# Load packages library(quantmod) # downloading data library(quadprog) # solving quandratic programming problems library(ggplot2) #plotting # Load data ---------------------------------------------------------- # DJ components (http://www.djaverages.com/?go=industrial-components) DJIA_tickers<-c("MMM","AXP","AAPL","BA","CAT","CVX","CSCO","KO","DD","XOM", "GE","GS","HD","INTC","IBM","JPM","JNJ","MCD","MRK","MSFT", "NKE","PFE","PG","TRV","UTX","UNH","VZ","V","WMT","DIS") end<- format(Sys.Date(),"%Y-%m-%d") # end date: today nyears <- 3 start<-format(Sys.Date() - (nyears*365),"%Y-%m-%d") # create environment to load data into [neat trick on getting stock data into single data frame] dowloaded_data <- new.env() getSymbols(DJIA_tickers, src="yahoo", from=start, to=end, ascii = TRUE, auto.assign = T, warnings = FALSE,symbol.lookup = F,env=dowloaded_data) # returns Returns <- eapply(dowloaded_data, function(o) ROC(Ad(o), type="continuous")) ReturnsDF <- as.data.frame(do.call(merge, Returns)) # prices (for price-weighted index) Prices<-eapply(dowloaded_data, Ad) PricesDF<- as.data.frame(do.call(merge, Prices)) # Compute price-weighted index (our benchmark) Index<-data.frame(apply(PricesDF,1,mean)) Benchmark_returns<-ROC(Index, type="continuous") # ----- mean-variance optimization ------------------------------------ # define efficient frontier function efrontier<- function(returns, shortsallowed=T,leverageallowed=T,minret=0.01){ # Markowitz efficient frontier # Minimizes portfolio variance for the minimum required return # Additional (optional) restrictions: shortsallowed, leverage allowed covariance <- cov(returns,use="complete.obs") r <- matrix(colMeans(returns,na.rm=T), nrow=1) n=ncol(covariance) Amat <- matrix (1, ncol=n) # constraint Amat*x=bvec (portfolio allocations summing up to 1) bvec <- 1 meq <- 1 # first constraint is treated as equality # add minimum return constraint Amat <- rbind(Amat, r) bvec <- rbind(bvec, minret) # Add contraint conditions if short selling is not allowed if (!shortsallowed){ Amat <- rbind(Amat, diag(n)) bvec <- rbind(bvec, matrix (0, nrow=n)) } # Add contraint conditions if leverage (positions above 1) is not allowed if (!leverageallowed){ Amat <- rbind(Amat, -diag(n)) bvec <- rbind(bvec, matrix (-1, nrow=n)) } dvec <- matrix (0, nrow=n) sol=NULL try(sol <- solve.QP(covariance*2, dvec=t(dvec), Amat=t(Amat), bvec=t(bvec), meq=meq),silent = T) # note 1: solve.QP needs transposed matrix Amat and transposed vector dvec # note 2: if solution is unattainable under the restrictions then return NULL # note 3: solution is not always available under restrictions therefore try() # E.g. 10000% minimum return with no leverage is not likely to lead to a porfolio. if (!is.null(sol)){ x=data.frame(ER=sol$solution%*%t(r),V=sqrt(sol$solution%*%covariance%*%sol$solution), minret = minret,t(sol$solution)) } else { x=data.frame(ER=NA,V=NA,minret = minret,t(rep(NA,n))) } names(x)[4:(n+4-1)]=names(returns) return(x) } # ---- end of function ------------------------------------------------- r<-colMeans(ReturnsDF,na.rm = T) rmin<-min(r) rmax<-max(r) # get efficient frontier with no leverage and no short selling frontier_solution <-data.frame(ER=NULL,V=NULL,minret = NULL) for (ret in seq(rmin,rmax,by=((rmax-rmin)/100))){ frontier_solution<-rbind(frontier_solution, efrontier(ReturnsDF,minret=ret,shortsallowed=F,leverageallowed=F)) } # get efficient frontier with leverage and short selling allowed frontier_solution_unrestricted <-data.frame(ER=NULL,V=NULL,minret = NULL) for (ret in seq(rmin,rmax,by=((rmax-rmin)/100))){ frontier_solution_unrestricted<-rbind(frontier_solution_unrestricted, efrontier(ReturnsDF,minret=ret,shortsallowed=T,leverageallowed=T)) } # compute statistics for the benchmark portfolio index_portfolio = data.frame(ER=matrix(colMeans(Benchmark_returns,na.rm=T)),V = sqrt(matrix(cov(Benchmark_returns,use="complete.obs")))) #--- Visualization of the output # efficient frontier eff_frontier<-ggplot(frontier_solution, aes(x=V*sqrt(250), y=ER*250)) + geom_line(alpha=1, color='blue')+ labs(x = "St. dev (annualized)",y="Expected return (annualized)", title="DJIA Efficient Frontier") # index portfolio [point] eff_frontier<-eff_frontier+geom_point(data=index_portfolio, aes(x=V*sqrt(250), y=ER*250,size = 3),show_guide=F)+ geom_vline(xintercept = index_portfolio$V*sqrt(250), colour = "red", alpha = 0.4)+ annotate(geom="text", x=index_portfolio$V*sqrt(250), y=index_portfolio$ER*250, label=paste("Risk: ", round(index_portfolio$V*100*sqrt(250), digits=1),"%\nReturn: ", round(index_portfolio$ER*100*250, digits=1),"%\nSharpe: ", round(sqrt(250)*index_portfolio$ER/index_portfolio$V, digits=2), sep=""), hjust=-0.1, vjust=-0.1) # add unresticted eff_frontier<-eff_frontier+geom_line(data=frontier_solution_unrestricted,aes(x=V*sqrt(250), y=ER*250)) ## find a better portfolio with the same amount of risk better_portfolio_id <- which(min(abs(frontier_solution$V-index_portfolio$V),na.rm = T)==abs(frontier_solution$V-index_portfolio$V)) better_portfolio = data.frame(ER=frontier_solution$ER[better_portfolio_id], V=frontier_solution$V[better_portfolio_id]) eff_frontier<-eff_frontier+ geom_point(data=better_portfolio, aes(x=V*sqrt(250), y=ER*250,size = 3),show_guide=F)+ annotate(geom="text", x=better_portfolio$V*sqrt(250), y=better_portfolio$ER*250, label=paste("Risk: ", round(better_portfolio$V*100*sqrt(250), digits=1),"%\nReturn: ", round(better_portfolio$ER*100*250, digits=1),"%\nSharpe: ", round(sqrt(250)*better_portfolio$ER/better_portfolio$V, digits=2), sep=""), hjust=-0.1, vjust=-0.1) # render the plot eff_frontier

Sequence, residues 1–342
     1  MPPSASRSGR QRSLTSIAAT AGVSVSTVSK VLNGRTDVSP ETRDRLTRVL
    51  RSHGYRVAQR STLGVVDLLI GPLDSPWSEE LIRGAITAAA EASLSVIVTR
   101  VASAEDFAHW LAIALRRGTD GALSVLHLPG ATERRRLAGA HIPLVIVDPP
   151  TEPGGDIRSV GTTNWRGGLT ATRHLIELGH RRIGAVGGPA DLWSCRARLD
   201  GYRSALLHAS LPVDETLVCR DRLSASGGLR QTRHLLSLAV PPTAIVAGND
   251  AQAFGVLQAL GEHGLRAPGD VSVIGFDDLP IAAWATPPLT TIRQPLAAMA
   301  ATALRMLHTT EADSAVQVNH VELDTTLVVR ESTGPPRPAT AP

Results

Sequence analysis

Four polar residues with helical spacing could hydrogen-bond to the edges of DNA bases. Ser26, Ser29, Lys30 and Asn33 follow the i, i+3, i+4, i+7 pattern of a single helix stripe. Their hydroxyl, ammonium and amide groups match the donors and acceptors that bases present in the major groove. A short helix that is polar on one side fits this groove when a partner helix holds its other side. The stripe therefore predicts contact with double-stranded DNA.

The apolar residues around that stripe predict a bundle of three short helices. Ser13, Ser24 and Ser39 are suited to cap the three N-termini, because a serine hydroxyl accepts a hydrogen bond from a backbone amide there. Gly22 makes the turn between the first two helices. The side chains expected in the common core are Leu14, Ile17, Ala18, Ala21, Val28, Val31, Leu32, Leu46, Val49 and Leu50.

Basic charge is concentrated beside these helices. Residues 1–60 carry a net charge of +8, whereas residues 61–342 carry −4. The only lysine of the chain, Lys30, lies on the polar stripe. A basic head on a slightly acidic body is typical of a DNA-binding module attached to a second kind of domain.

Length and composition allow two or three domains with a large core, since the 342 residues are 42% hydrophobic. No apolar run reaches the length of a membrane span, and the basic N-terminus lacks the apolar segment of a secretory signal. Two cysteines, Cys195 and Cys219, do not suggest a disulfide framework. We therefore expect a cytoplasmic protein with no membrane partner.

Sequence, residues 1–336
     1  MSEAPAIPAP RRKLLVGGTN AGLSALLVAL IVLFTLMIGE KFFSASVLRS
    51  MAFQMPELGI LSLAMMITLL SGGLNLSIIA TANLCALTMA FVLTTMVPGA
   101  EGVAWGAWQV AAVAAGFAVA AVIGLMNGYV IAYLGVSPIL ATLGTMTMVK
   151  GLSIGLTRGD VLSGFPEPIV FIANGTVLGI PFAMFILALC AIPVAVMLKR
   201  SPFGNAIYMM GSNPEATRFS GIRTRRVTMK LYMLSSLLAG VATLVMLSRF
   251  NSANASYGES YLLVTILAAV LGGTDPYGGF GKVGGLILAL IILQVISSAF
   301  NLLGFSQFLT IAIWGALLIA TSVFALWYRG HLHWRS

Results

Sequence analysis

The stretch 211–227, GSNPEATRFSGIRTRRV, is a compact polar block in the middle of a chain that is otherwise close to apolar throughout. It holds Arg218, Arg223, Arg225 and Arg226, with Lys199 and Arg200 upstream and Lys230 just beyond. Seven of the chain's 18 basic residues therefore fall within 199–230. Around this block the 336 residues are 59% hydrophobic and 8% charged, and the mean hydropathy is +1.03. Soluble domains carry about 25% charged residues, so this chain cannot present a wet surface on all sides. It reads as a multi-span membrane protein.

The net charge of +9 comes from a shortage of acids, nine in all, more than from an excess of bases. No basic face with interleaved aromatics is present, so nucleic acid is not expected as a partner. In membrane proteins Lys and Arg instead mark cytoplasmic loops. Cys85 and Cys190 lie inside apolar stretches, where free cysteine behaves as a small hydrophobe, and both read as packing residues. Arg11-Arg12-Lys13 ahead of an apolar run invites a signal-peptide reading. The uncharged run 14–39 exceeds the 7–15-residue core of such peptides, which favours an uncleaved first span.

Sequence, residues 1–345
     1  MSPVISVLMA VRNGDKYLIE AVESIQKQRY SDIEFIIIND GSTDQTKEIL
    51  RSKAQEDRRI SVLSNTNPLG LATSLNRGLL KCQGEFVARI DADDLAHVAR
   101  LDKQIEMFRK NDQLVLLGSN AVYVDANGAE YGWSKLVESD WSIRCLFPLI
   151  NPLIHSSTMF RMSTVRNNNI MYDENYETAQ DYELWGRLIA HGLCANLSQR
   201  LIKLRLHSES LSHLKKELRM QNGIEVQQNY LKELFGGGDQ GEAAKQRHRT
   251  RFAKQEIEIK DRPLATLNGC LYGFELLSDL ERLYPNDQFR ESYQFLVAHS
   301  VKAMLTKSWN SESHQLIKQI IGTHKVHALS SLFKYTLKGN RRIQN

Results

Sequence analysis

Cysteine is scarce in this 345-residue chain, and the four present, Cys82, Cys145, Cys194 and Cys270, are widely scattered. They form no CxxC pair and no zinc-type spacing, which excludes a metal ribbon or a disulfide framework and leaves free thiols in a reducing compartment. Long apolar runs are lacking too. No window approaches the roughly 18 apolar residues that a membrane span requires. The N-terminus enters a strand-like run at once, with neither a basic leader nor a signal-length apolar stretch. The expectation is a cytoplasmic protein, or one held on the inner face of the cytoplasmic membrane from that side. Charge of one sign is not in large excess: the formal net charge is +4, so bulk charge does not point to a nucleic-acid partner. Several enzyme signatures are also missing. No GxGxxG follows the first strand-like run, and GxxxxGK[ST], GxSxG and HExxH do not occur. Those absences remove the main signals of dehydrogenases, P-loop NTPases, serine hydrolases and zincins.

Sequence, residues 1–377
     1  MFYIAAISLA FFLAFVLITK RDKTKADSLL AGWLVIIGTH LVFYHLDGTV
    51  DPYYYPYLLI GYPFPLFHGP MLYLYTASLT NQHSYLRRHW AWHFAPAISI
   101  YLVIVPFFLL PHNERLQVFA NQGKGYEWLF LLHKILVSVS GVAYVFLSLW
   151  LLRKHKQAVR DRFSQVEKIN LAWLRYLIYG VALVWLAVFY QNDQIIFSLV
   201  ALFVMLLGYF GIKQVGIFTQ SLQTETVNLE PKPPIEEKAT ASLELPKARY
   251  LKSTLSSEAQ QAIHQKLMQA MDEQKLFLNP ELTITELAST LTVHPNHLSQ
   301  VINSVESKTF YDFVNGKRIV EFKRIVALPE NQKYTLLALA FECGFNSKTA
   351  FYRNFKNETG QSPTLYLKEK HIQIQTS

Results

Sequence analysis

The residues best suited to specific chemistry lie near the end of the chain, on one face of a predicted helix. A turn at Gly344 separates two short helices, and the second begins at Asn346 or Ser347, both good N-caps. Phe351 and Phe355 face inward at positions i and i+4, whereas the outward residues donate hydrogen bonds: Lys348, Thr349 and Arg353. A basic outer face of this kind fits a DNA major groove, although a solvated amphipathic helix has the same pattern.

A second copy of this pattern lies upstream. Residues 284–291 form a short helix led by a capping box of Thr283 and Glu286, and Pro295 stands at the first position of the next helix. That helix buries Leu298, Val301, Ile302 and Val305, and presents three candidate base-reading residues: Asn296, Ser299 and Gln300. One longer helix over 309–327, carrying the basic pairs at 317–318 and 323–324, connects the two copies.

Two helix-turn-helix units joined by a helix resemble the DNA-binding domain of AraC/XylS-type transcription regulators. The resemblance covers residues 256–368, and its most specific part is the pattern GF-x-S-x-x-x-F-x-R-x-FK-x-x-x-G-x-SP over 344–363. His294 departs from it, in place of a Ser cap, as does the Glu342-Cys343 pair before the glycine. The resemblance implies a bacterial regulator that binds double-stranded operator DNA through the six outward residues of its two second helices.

The post Modern Portfolio Theory: Beating the Index appeared first on Justinas Brazys.